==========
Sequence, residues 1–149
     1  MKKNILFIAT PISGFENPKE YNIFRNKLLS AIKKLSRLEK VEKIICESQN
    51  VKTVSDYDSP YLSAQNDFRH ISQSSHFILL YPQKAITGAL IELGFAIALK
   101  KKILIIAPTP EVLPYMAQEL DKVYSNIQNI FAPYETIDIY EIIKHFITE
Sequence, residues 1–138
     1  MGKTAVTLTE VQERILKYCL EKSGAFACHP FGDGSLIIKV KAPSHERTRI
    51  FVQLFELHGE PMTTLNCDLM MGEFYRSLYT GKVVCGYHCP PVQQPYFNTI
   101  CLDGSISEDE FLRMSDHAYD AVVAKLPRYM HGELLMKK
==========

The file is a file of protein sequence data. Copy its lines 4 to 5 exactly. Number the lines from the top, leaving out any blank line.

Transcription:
   101  KKILIIAPTP EVLPYMAQEL DKVYSNIQNI FAPYETIDIY EIIKHFITE
Sequence, residues 1–138